Understanding the impact of fertility history on health outcomes in later life.

Main Article Content

Lee Williamson
Chris Dibben

Abstract

Objectives
Aims of this research, involving data linkage and health outcomes, is to gain a full understanding of the impact of both fertility histories and childlessness on health outcomes mid-life accounting for socio-economic background and area of residence. The research draws on and extends work on reproductive histories and life-course outcomes.


Approach
We aim to extend this area of research, specifically for Scotland, using Census data (1991-2011) from the Scottish Longitudinal Study (SLS) linked to health data. The Census health measures – including the 2011 Census health condition question on mental health - are the research outcomes and the explanatory information is from Census socio-economic data (captured around peak fertility for the research cohort in 1991), along with the SMR02 Maternity and SMR04 Mental Health datasets. The time-frame for available data allows 20 year follow-up from the 1991 Census to mid-life for specific female SLS birth cohorts (born 1959-1966, aged ~45-52 in 2011).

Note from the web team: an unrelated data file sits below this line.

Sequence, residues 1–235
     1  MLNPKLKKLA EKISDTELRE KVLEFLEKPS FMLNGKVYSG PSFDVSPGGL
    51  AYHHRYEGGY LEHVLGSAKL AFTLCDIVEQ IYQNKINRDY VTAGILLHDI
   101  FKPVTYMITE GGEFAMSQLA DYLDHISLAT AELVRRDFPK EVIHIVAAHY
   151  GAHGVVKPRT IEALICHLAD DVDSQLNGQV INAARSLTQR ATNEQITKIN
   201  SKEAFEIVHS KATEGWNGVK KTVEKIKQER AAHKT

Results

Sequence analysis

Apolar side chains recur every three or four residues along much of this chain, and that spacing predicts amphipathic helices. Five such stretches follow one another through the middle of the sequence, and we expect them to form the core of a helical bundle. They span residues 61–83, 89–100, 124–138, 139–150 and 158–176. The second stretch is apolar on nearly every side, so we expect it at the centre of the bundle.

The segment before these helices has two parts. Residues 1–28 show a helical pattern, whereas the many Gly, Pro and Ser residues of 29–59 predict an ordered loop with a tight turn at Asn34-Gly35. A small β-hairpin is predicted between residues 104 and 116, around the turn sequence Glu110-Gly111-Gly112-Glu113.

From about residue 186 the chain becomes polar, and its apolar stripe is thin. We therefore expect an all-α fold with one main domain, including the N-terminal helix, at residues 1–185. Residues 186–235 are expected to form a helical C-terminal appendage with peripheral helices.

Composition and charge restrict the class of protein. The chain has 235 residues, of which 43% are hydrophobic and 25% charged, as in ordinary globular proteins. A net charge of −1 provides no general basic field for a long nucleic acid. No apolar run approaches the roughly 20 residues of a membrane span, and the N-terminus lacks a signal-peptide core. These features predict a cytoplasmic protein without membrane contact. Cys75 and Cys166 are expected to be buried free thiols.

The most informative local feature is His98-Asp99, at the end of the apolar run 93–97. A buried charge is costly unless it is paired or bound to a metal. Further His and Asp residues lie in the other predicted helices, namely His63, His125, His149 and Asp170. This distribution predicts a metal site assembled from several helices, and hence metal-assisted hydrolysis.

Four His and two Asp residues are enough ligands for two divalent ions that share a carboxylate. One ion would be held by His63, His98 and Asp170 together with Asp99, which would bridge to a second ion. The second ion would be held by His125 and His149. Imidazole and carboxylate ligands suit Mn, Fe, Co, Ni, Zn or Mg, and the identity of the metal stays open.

Results
From preliminary modelling we initially find, for this specific female research cohort, high birth parity to be an important factor in relation to self-reported mental health conditions at follow-up in 2011, but not once socio-economic and area-level variables are controlled for.


Conclusion
Preliminary modelling also highlights that relationship status – single, married or cohabiting – to be important over that of legal marital status as recorded at Census. For limiting long-term illness as a health outcome the findings are similar.

Article Details

How to Cite
Williamson, L. and Dibben, C. (2022) “Understanding the impact of fertility history on health outcomes in later life”., International Journal of Population Data Science, 7(3). doi: 10.23889/ijpds.v7i3.2061.

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